Sunday, September 19, 2010

Frequency is the key to van success

Anna Gustafson of Yournabe had a nice report on the van pilot press conference, and asked a key question that nobody else seems to have bothered with:
For riders on the Q74 line, vans will run weekdays from 6 a.m. to 10 p.m., making stops every 15 minutes during the rush hours of 6 a.m. to 10 a.m. and 30 minutes at all other times. On weekends, vans will run from 6 a.m. to 8 p.m. and make stops every 30 minutes.


Along the Q79 route, vans will run weekdays from 6 a.m. to 8 p.m. and make stops every 15 minutes during the rush hours of 6 a.m. to 10 a.m. and 3 p.m. to 8 p.m. and 30 minutes at all other times. Rides will be available on weekends from 8 a.m. to 6 p.m. and will make stops every 30 minutes.

Let me say right away that I have my doubts as to whether these frequencies will actually be adhered to. But if they are, it would essentially doom these services. Jarrett explains why low frequency drives people away:
Frequency is best described by headway, the elapsed time between consecutive trips on a line. The headway is also the maximum waiting time, and half of it is the average waiting time. Add those to the much-advertised travel time (technically called in-vehicle travel time or IVTT) and you have a sense of how long a real-life trip will be. And those are the realities that will ultimately drive ridership.

Let's imagine a Queens College student who gets off the E train at 10:00 AM. The headway is thirty minutes, making the average wait time fifteen minutes. Google says that it takes nine minutes to drive from the subway to the college, and if we add five minutes for picking up and dropping off other passengers, it's about half an hour total time.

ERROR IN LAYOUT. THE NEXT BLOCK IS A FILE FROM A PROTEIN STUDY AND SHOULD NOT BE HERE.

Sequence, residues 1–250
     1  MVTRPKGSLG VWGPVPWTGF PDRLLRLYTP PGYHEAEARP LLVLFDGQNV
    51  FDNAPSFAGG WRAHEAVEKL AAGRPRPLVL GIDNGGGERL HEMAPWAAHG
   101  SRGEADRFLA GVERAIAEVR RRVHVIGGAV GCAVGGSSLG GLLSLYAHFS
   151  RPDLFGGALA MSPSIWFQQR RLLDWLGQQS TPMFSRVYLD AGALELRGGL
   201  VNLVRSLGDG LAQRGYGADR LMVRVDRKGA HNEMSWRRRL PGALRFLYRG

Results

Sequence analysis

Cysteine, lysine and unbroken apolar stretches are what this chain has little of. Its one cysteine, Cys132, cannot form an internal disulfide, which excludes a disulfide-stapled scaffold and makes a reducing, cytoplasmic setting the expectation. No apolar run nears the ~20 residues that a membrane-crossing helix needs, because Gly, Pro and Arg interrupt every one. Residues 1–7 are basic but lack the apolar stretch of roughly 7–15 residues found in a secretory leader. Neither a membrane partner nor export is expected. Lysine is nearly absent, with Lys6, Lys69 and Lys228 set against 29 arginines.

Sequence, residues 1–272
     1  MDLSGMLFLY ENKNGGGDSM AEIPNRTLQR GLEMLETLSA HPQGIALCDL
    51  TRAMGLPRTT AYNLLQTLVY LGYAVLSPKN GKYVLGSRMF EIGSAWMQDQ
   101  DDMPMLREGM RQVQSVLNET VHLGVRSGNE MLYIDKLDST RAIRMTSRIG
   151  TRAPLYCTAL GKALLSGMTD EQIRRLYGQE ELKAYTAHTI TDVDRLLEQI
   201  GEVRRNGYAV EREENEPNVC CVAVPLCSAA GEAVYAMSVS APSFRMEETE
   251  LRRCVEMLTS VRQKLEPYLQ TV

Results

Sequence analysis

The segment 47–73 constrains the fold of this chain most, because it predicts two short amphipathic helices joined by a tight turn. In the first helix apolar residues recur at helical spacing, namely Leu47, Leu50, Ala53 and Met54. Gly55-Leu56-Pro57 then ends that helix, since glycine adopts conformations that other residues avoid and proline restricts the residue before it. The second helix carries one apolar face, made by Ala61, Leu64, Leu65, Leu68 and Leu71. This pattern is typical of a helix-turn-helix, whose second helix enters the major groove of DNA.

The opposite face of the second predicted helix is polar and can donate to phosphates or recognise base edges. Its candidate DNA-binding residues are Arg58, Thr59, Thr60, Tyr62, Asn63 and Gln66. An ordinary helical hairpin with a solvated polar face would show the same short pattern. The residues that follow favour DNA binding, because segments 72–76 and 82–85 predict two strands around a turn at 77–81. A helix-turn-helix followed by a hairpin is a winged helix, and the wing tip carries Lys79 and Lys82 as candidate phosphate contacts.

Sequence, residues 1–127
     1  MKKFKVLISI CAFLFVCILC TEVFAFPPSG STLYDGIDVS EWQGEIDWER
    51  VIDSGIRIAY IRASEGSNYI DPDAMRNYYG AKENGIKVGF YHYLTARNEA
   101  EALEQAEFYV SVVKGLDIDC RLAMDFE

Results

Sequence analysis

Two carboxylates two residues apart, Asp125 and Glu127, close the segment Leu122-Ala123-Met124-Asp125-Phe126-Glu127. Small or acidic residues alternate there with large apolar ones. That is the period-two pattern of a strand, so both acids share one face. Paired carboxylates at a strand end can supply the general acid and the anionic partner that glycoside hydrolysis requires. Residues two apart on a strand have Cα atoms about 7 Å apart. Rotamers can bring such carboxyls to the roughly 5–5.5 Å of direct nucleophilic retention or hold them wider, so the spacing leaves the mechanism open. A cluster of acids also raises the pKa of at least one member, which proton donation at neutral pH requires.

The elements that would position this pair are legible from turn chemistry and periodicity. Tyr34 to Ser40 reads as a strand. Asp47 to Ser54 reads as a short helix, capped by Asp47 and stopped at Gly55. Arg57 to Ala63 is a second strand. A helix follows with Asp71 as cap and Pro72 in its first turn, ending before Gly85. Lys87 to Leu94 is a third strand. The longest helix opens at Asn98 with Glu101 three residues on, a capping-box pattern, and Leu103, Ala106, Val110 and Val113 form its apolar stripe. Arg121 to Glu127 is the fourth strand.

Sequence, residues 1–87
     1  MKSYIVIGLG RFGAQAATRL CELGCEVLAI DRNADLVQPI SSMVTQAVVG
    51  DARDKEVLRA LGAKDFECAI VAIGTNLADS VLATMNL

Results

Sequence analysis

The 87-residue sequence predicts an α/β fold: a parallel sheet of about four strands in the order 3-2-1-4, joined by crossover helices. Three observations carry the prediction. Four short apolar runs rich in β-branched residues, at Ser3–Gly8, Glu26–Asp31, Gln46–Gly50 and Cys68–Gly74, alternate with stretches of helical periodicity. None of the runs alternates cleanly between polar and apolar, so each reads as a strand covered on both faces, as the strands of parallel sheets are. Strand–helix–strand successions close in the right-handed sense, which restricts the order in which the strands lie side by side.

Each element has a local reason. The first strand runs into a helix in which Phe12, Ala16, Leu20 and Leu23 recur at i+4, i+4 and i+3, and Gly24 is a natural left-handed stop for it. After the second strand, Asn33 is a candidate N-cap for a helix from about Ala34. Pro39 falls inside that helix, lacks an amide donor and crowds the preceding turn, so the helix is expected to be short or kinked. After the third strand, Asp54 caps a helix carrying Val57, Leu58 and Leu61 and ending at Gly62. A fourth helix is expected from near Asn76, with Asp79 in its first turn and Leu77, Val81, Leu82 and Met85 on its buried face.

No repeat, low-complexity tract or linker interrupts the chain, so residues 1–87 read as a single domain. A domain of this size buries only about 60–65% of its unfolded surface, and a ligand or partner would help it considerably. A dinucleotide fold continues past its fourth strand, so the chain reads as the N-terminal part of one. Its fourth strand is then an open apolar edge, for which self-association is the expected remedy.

However, Google also says that our student can get to college in half an hour by getting back on the E train and taking the Q88 bus from Forest Hills. In fact, it's probably a lot less than that, because our student is already on the train, so they either get off one stop early or one stop later and catch the Q64. That bus has fifteen minute headways and eighteen minute in-trip time, for a total of 25 minutes.

What this means is that if the vans can't offer a headway of fifteen minutes or less, they might as well pack up and go home. You can do similar calculations for the Q79 and the Brooklyn runs. Long-distance private bus services like Coachusa can run on half-hour headways because they've got a near monopoly and a customer base that has been riding these lines for almost a hundred years; these vans can't count on anything like that.

As I said before, I'm not sure that these headways were anything other than a way to give Gustafson an answer without getting into a long discussion on jitney economics. It may be that Ricketts is planning on anchoring the cascade himself at these headways, but that he plans on adding vans whenever there are enough passengers to make it worthwhile.

With a private service, however, that anchor has to be cross-subsidized by other runs; otherwise it's just a waste of money and eventually it will be shut down. The pilot program runs for ninety days, which means that if ridership hasn't risen to profitable levels by December 20, the vans will go back to Jamaica and Flatbush. What are Ricketts and the Taxi and Limousine Commission doing to make sure that it does rise?